Women, Religion, and Violence
by Martha B. Holstein
Violence against women is an old but often invisible story. Virtually every health professional encounters signs of it at some point in clinical practice. Sadly, many women are complicit in their own abuse for economic or social reasons, or even the age-old hope that "next time he will be different." Some are complicit on religious grounds which, of course, complicates matters. Abuse is often wrapped in beliefs about the role of men and the place of women in a divinely ordered universe. An abused wife sometimes believes that it is her duty to suffer, to turn the other cheek, to forgive her abuser because the marriage takes precedence over her own well-being. Belief becomes tangled in ideology and theology, sustained by fear, embarrassment, and guilt. If she accepts patriarchy, must she also accept abuse?
Mandatory reporting laws—for children and elders—can temporarily protect and do noting to address the source of the problem. How can health professionals, who want to protect their patients from harm without trampling on deeply held beliefs, respond? Perhaps the first step is to see how religion can provide source material for abuse.
The opening chapters of Genesis, according to some readers, establishes woman as second in creation and thus inferior to man and also the first to disobey. This reading fosters the perception that women are intrinsically disruptive, disorderly, unclean. Recent feminist reinterpretations of Genesis have not influenced those most comfortable with a male-oriented theology and a hierarchically structured marriage. Without suggesting that such attitudes about women's place, duty, and nature condone violence, these interpretations can make violence seem tenable as a vehicle to subdue what the man might interpret as disorder.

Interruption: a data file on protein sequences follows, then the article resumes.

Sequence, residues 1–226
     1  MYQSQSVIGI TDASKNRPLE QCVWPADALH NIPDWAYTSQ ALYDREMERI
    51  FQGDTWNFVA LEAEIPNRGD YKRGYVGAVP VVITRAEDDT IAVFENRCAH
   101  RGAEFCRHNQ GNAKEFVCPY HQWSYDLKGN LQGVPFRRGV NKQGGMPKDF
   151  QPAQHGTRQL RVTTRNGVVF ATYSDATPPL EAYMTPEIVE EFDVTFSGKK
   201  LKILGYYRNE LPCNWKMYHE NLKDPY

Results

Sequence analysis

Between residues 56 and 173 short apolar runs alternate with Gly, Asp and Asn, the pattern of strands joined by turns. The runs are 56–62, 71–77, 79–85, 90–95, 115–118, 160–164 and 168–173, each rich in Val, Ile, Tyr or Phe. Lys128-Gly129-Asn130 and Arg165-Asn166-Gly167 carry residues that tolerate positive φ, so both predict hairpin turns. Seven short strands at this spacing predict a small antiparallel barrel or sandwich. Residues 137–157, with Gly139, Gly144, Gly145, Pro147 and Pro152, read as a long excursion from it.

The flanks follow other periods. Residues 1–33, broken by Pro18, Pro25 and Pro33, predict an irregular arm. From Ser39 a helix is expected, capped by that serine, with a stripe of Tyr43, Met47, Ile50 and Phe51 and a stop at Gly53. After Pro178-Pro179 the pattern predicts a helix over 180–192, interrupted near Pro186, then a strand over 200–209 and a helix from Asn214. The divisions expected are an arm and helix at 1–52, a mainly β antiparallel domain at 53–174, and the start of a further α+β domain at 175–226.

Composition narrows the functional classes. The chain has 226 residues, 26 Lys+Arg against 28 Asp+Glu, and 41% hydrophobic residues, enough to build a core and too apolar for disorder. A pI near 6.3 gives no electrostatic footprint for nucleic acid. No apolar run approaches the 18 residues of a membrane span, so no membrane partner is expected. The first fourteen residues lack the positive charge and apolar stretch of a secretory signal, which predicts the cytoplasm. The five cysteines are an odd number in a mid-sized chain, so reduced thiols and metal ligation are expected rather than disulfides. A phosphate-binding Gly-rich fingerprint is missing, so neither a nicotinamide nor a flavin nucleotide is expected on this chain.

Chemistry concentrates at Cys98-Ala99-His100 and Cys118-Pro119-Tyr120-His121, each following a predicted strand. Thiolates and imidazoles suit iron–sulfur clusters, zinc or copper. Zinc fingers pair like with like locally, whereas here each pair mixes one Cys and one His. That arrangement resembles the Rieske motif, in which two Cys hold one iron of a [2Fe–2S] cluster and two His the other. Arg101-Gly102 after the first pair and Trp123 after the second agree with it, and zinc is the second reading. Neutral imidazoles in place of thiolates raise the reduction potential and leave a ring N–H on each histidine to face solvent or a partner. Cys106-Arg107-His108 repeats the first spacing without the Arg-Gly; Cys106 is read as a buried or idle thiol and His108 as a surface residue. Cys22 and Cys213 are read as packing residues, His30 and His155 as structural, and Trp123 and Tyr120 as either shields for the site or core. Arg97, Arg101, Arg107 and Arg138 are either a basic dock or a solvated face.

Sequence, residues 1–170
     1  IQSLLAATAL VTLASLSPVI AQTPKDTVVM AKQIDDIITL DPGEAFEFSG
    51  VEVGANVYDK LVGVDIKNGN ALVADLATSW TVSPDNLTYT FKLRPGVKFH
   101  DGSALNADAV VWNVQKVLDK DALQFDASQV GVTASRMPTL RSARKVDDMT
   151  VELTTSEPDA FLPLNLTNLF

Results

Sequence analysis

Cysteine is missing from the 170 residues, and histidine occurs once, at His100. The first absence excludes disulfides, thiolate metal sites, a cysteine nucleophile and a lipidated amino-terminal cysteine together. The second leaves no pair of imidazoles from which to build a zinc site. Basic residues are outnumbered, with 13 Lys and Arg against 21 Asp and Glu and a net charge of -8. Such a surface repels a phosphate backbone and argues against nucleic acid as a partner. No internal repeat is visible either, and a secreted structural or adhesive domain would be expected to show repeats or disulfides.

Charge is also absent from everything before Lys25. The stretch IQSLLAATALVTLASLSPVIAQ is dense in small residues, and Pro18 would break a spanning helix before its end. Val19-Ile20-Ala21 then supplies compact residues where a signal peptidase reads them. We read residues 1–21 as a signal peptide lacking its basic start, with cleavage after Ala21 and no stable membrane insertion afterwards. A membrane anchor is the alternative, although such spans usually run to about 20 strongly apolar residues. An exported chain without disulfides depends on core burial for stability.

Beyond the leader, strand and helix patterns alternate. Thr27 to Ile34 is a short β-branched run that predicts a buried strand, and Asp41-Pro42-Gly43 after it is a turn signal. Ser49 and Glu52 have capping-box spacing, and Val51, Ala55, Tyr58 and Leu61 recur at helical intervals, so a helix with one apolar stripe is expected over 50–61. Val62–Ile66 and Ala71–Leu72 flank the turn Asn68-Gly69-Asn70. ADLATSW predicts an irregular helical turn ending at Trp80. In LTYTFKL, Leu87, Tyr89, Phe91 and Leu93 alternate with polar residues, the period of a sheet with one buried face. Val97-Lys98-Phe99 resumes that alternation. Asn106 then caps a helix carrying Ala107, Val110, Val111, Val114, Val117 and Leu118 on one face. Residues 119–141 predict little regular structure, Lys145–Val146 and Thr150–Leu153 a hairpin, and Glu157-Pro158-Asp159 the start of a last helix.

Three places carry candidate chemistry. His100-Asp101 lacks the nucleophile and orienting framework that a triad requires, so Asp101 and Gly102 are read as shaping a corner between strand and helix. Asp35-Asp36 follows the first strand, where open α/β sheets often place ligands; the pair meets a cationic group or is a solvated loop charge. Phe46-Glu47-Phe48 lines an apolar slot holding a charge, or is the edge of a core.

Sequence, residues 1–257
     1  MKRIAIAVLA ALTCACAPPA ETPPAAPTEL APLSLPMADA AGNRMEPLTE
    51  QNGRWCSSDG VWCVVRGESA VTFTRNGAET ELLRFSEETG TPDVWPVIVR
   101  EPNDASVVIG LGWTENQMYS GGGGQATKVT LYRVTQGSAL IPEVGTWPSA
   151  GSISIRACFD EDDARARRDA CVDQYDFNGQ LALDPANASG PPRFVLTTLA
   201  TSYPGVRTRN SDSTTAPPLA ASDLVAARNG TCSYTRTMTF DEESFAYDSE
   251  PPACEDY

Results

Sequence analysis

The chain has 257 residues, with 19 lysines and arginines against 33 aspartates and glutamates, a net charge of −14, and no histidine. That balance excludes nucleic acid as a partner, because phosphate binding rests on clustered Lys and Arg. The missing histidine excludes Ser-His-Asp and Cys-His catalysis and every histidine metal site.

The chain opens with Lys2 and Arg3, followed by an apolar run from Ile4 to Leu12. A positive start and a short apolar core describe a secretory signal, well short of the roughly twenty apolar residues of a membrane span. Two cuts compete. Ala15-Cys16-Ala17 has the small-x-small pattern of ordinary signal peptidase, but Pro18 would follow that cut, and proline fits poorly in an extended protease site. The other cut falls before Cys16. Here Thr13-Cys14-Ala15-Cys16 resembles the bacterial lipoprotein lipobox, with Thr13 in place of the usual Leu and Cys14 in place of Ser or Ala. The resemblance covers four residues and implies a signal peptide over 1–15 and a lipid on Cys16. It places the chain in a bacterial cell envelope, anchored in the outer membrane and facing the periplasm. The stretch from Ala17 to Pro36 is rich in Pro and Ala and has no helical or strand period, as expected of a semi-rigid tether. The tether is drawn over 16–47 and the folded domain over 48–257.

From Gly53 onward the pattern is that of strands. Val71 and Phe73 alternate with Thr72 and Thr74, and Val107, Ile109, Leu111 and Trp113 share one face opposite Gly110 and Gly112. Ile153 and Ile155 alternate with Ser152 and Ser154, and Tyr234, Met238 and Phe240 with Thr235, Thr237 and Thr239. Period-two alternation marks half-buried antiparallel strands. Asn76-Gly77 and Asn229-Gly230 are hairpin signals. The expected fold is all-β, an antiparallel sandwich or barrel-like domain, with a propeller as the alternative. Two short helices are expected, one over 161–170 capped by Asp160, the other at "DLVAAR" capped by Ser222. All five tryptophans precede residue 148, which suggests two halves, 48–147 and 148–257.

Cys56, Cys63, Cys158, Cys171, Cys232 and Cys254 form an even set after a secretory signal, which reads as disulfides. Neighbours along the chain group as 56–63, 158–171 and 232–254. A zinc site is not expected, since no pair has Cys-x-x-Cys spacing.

To some students of Christianity, Christ's suffering on the cross tacitly reinforces the argument that women should bear suffering while forgiving the abuser. An easily forgotten distinction is that Christ freely chose this suffering and that the abused woman's lot is forced upon her, a point of critical importance to the health professional. In the Hebrew Bible, Tamar (2 Samuel 13) is the model for the victimized victim, a position that abused women today experience. Amnon rapes Tamar, discards her, and refuses to marry her. The community responds by expelling her as a piece of ruined property, and the Biblical narrative forgets her. When a health professional encounters an abused woman he or she is often seeing a modern Tamar, a woman without communal protection.
In recent times, the murderous gang raping of Muslim women in Bosnia and in parts of Africa replicates the Tamar story. Muslim women do not report the rape because they would be ostracized as spoiled women. Although Islam does not condone the violence, the effect is quite the same. The man goes unpunished; the woman is banished. What recourse does she have but silence?